Metascore
61

Generally favorable reviews - based on 15 Critics

Critic score distribution:
  1. Positive: 6 out of 15
  2. Negative: 1 out of 15
  1. Reviewed by: Roger Ebert
    Oct 17, 2012
    88
    This performance, unlike anything Paul Dano has ever done, must have required some courage. It requires an actor to cast aside all conceits of performance, presence, charisma and even timing.
  2. Reviewed by: Kenneth Turan
    Oct 18, 2012
    90
    A small but exquisite film, beautifully observed and impeccably executed. Written and directed by So Yong Kim, it shows a different side of an actor we thought we knew and reveals unexpected aspects of a character who turns out to be not as familiar as he seems.
  3. Reviewed by: Ty Burr
    Sep 20, 2012
    63
    It has a sense of drift that both vexes and beguiles.
  4. Reviewed by: Mark Jenkins
    Sep 7, 2012
    60
    By concentrating so intently on the psychically unattached Joby, Kim hinders dramatic and character development. Her "Treeless Mountain," the Korea-set saga of two young sisters, was also quiet and open-ended. But the interplay between the two girls provided warmth and depth. For Ellen feels both colder and slighter.
  5. Reviewed by: Kyle Smith
    Sep 7, 2012
    25
    Sundance Mopey Alienation Flick No. 4,228 is For Ellen, an empty angst-athon that proves 90 minutes of close-ups of Paul Dano looking wounded can be even less interesting than it sounds.
  6. Reviewed by: Owen Gleiberman
    Sep 6, 2012
    58
    The drama is so minimalist that it's hard to glimpse the man behind the woe.
  7. Reviewed by: Joe Neumaier
    Sep 6, 2012
    60
    In a film that deliberately recalls 1970's "Five Easy Pieces," Dano's performance as a lost dreamer running from adulthood resonates beautifully.
  8. Reviewed by: Alison Willmore
    Sep 5, 2012
    58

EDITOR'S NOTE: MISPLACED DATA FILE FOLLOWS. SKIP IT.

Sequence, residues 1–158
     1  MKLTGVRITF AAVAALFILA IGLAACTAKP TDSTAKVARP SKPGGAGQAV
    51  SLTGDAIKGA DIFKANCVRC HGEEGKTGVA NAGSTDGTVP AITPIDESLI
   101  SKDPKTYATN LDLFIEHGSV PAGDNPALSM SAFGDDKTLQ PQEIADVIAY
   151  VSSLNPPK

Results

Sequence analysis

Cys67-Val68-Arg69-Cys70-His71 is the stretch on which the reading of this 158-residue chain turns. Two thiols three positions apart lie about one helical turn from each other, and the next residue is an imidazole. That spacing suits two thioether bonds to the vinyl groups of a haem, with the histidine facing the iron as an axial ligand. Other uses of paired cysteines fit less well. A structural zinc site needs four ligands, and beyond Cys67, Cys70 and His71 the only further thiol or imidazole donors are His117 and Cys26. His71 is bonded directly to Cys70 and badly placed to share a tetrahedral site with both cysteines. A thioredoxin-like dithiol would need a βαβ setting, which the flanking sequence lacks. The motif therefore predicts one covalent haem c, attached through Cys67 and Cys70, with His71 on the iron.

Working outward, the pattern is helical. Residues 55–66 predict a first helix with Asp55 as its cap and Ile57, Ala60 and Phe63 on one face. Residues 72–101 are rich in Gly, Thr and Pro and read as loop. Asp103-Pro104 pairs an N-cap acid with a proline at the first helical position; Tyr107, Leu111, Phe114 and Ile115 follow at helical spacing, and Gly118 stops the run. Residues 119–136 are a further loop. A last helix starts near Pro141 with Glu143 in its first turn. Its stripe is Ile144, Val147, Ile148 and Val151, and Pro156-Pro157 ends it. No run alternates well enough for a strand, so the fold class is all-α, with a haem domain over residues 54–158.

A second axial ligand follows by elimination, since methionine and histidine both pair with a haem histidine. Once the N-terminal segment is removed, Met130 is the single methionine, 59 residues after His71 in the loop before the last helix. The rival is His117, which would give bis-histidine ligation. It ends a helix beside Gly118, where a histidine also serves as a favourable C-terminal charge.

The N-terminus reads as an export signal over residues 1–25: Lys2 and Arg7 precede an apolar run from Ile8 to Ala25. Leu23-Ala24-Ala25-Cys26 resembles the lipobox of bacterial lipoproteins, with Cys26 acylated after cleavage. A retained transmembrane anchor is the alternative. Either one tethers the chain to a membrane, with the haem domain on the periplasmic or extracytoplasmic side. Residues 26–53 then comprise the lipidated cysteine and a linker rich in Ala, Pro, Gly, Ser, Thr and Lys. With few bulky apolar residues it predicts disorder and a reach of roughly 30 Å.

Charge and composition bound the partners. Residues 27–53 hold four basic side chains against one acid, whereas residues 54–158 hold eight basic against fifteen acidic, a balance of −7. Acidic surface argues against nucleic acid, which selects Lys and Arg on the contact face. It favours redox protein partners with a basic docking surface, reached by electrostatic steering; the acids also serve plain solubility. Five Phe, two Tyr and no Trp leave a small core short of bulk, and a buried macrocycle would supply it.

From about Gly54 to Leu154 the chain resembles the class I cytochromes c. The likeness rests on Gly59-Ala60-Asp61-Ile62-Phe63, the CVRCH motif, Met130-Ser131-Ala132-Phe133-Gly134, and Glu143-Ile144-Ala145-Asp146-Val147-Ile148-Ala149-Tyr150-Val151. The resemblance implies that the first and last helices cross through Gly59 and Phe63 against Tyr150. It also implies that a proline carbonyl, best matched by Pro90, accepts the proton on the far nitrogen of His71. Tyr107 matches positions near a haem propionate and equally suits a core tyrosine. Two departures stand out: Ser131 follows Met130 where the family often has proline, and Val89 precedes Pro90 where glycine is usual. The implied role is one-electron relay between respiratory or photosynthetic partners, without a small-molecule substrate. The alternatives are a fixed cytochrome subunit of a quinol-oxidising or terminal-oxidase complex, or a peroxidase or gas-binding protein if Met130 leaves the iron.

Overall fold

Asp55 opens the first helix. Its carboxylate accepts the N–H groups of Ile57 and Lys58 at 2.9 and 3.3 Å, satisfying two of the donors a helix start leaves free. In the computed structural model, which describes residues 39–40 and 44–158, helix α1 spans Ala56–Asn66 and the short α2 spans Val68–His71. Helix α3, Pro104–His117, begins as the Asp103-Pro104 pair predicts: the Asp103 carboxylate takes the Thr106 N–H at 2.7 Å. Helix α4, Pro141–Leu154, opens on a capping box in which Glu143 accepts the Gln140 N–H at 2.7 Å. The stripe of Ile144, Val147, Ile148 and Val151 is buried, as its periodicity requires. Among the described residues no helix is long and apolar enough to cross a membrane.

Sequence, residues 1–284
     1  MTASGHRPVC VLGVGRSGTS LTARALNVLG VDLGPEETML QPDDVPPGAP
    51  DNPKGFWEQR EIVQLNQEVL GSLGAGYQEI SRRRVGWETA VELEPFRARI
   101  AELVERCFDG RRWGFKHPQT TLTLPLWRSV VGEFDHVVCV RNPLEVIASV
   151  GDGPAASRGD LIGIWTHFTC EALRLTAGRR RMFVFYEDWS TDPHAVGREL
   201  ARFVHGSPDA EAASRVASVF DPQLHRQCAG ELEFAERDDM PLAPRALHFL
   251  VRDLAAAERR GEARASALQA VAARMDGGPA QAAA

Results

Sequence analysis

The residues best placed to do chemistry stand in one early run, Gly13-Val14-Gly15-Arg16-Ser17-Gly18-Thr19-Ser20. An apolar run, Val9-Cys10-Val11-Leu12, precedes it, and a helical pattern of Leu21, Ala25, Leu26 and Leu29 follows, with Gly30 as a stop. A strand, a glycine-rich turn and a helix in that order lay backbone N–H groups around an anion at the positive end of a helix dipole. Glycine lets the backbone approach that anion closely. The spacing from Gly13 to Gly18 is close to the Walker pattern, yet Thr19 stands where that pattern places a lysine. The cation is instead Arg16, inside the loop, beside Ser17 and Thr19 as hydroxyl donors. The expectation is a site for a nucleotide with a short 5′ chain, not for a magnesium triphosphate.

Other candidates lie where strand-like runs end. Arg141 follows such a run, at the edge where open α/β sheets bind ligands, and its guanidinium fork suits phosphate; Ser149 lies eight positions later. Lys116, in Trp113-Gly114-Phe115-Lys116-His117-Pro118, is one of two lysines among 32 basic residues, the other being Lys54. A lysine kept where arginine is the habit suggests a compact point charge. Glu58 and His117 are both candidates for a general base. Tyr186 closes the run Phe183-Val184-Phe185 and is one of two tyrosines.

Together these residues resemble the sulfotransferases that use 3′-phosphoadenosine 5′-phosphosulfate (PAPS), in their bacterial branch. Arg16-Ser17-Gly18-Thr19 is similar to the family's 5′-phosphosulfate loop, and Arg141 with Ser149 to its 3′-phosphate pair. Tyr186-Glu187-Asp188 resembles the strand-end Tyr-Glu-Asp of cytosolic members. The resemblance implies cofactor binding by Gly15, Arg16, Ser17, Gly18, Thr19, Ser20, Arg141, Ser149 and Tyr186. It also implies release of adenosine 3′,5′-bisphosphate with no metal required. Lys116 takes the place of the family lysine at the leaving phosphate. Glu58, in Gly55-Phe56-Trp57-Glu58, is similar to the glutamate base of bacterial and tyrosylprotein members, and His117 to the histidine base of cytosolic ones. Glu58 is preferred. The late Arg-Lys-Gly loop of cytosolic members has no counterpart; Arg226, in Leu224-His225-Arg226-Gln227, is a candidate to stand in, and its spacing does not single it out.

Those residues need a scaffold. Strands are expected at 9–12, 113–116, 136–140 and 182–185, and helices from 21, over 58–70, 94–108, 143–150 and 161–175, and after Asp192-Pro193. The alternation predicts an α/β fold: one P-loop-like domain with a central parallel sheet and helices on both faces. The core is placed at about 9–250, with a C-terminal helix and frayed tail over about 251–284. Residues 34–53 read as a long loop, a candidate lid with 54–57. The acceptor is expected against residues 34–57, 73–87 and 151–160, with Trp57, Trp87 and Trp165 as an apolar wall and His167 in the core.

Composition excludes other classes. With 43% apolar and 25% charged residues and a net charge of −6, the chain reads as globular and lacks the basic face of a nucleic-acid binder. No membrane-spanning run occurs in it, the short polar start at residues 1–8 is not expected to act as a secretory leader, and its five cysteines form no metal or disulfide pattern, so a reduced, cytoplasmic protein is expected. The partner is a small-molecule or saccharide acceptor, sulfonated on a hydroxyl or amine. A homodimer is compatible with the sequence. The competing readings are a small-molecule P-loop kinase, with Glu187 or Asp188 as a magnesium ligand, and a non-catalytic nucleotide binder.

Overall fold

The kind of film that rises or falls on the strength of its lead performance, given that its protagonist is in every scene, often alone. It's built around a strong turn by Dano, but one that feels studied and sometimes at odds with the naturalism the film aims for with its grubby settings, loose camerawork, and tendency toward inquisitive close-ups.
  9. Reviewed by: Michael Atkinson
    Sep 4, 2012
    50
    Dano, with his remarkably guileless meta-teen puss, is thoroughly convincing, which is more than can be said for the film's shameless climactic steal from "Five Easy Pieces."
  10. Reviewed by: Keith Uhlich
    Sep 4, 2012
    60
    Unfortunately, Kim nearly wrecks the film's observational acuteness with a climax that shamelessly steals from Bob Rafelson's classic blue-collar drama "Five Easy Pieces," and this faux-gut-punch finale feels haphazardly sutured on rather than arrived at organically. Guess that ham-fisted opening shot was a sign of things to come.
  11. Reviewed by: A.O. Scott
    Sep 4, 2012
    50
    Rather than finding an interesting, resonant ambiguity in his experience, Ms. Kim and Mr. Dano settle for a kind of suggestive vagueness, losing the thread of their character in the snow, steam and cigarette smoke that provide the film's main visual motif and perhaps also its dominant metaphor.
  12. Reviewed by: Justin Lowe
    Sep 1, 2012
    50
    The scant character development is not enhanced by the film's directorial style.
  13. Reviewed by: Eric Kohn
    Sep 1, 2012
    91
    Nobody else could fit the role of a crestfallen rocker that Paul Dano embodies in director So Yong Kim's remarkable For Ellen.
  14. Reviewed by: Robert Koehler
    Sep 1, 2012
    80
    As a struggling rocker making a last-ditch attempt to gain shared custody of his daughter, Paul Dano delivers a beautifully wrought performance in a different key from any of his previous roles.
  15. Reviewed by: Chris Cabin
    Sep 1, 2012
    63
    So Yong Kim's direction remains ruminative, even poetic, in its pacing, its sense of place, and its approach to intimacy, but this is her most unsuitable script.

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